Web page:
II: The Boy Who Refused to Grow Up
Most profiles of Cassano note that his story begins in the humble trappings of a poor family living in the old parts of Bari. On the eve of his birth (July 12, 1982), the fishermen of his hometown huddled around televisions and radios in cafes and restaurants, with expectant, bleary eyes. The rainclouds that would end Italy’s 44-year World Cup drought hung on the horizon. The Azzuri, led by Paolo Rossi and Bruno Conti, were 2-0 up against West Germany. In the 81st minute, Alessandro Altobelli capped off a quick counter attack on their tired, pressing opponents, prompting the Italian president to boast, wagging a finger at the cameras. Ten minutes and a West German consolation goal later, Italy took to the streets to celebrate their three goals to one victory. While most profiles of Cassano begin with this anecdote and finish the image with Italians cheering while their new Messiah is born in a shack down the street, an important fact is almost always neglected: Cassano was born into a nearly joyless world.
Stalking out amidst the shell-colored, broken walls of a 2000-year old city, Cassano’s father left his mother, forcing her to support her child by cleaning houses and selling sweets door-to-door. Cassano would say later that his mother fed him the food off her own plate to keep him nourished. To overcome these hardships (or to escape them), Cassano raced out onto the dusty pathways of Old Bari at a young age, learning and preternaturally perfecting tricks and twists, weaving in and out of squat automobiles. He frequently skipped school to caterwaul in the streets (like Ronaldo and many other greats before him), scattering a good education in the pursuit of the pleasures of competitive football (not his last epicurean pursuit). Authority–teachers and headmasters included–was and has always been a necessary evil for Cassano. On the basis of which it is tempting to slip into (and many have) a Freudian explanation, synthesizing the events of his life in an attempt to explain his action. To say, for instance, that the lack of a firm male figure to restrain and establish reasonable limits on his life has fostered his extreme selfishness, the temper tantrums, and hedonism.
“Perhaps we shouldn’t be surprised,” wrote Paolo Bandini, the Serie A columnist for the Guardian, after a typical tantrum in 2006. “Many a pop-psychologist has attributed his difficulty with managers and referees and even the police – over his repeated arrests for driving a motorbike without a licence – to his lingering resentment towards his father, and hence any male authority figure. Certainly he is imbued with a natural aggression…” This theory lingers like a muggy haze over most of Cassano’s career. Why can’t he get it right? Where does he get his motivation, if any exists? Cassano’s problem is hardly one that is unique. The comparisons to stereotypically selfish players with off-the-field problems across sports culture are manifold, from wide receivers Randy Moss and Terrell Owens in the National Football League to Allen Iverson and Ron Artest in the NBA and John Terry and Paul Gascoine (with whom he’s drawn many comparisons) in soccer. Rather than rely on Freudian psychoanalysis, Cassano could rather be viewed as another in a long line of players raised in and among rough circumstances, who, confronted suddenly by immense riches, impulsively and irresponsibly embrace the excesses of their newfound life. Many of these athletes used their talent as a means to remove themselves from a potential life of poverty, if not crime.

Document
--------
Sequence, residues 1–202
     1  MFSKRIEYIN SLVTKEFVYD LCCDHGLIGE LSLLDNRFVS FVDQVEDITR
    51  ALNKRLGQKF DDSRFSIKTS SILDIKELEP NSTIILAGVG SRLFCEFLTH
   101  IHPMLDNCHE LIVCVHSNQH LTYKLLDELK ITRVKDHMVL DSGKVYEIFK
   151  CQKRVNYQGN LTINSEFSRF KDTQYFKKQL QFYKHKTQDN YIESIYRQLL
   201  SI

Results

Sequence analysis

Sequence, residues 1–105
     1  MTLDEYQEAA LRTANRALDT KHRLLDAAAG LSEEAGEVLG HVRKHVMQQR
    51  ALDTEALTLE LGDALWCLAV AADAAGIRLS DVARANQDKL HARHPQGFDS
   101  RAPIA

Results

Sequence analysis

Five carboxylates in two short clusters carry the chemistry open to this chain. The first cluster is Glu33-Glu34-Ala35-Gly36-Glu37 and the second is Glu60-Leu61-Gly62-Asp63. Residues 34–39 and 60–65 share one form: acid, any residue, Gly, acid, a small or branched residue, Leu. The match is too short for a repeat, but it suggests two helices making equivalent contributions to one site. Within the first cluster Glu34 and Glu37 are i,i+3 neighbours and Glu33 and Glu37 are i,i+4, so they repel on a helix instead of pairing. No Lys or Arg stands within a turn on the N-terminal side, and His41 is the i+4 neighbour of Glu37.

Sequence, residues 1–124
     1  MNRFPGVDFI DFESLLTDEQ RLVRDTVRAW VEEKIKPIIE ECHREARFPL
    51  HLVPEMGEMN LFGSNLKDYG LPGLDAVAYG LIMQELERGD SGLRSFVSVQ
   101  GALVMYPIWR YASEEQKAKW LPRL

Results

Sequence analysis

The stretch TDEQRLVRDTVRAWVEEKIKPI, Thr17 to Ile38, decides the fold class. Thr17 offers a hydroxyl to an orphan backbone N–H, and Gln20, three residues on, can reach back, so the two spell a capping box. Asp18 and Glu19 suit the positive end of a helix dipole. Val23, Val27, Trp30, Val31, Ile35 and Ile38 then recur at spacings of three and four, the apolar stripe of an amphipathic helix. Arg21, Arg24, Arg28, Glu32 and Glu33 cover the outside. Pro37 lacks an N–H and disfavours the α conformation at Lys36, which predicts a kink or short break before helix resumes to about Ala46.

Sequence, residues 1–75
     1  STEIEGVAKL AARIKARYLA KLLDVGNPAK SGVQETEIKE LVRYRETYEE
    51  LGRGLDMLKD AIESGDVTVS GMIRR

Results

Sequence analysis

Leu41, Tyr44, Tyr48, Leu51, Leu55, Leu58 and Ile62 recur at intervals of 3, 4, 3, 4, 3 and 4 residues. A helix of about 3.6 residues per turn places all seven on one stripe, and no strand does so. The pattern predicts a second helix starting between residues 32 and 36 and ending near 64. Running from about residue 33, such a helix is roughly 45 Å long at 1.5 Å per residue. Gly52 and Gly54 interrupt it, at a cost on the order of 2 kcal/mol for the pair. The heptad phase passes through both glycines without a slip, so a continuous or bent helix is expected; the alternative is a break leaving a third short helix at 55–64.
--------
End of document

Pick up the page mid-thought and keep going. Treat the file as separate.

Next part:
The list of players raised in less-than-ideal milieus and who, without the proper guidance and education, spent themselves back into squalor is long (Mike Tyson and NBAer Antoine Walker to name two). There is little indication Cassano is heading down that path–yet he acknowledges the complicated impact of the rags-to-riches story. From his memoir Dico Tutto (I’ll Tell Everything) published in 2008: “I spent the first 17 years of my life dirt-poor. Then I spent nine years living the life of a millionaire. That means I need another eight years living the way I do now and then I’ll be even.” Plucked from the streets at a young age and heralded within a few years as the next Roberto Baggio, it’s easy to see where a couple of developmental cogs could be missing. Part of maturing is learning the hard way (through lack of money, strength, or courage) that you cannot have everything you set your eyes on. Cassano’s impressive red mist, his impulsive binging on junk food, his disrespect for authority sketches a narrative of a fragmented youth where everything, after his genius was established, came easy. Up against the impassable ceilings of adulthood and celebrity, a boy who does not seem to want to grow up, his actions often seem like a fly repeatedly crashing against a glass window.
Coming up next: Part Three, The Boy Who Was a Rough Kid from the Streets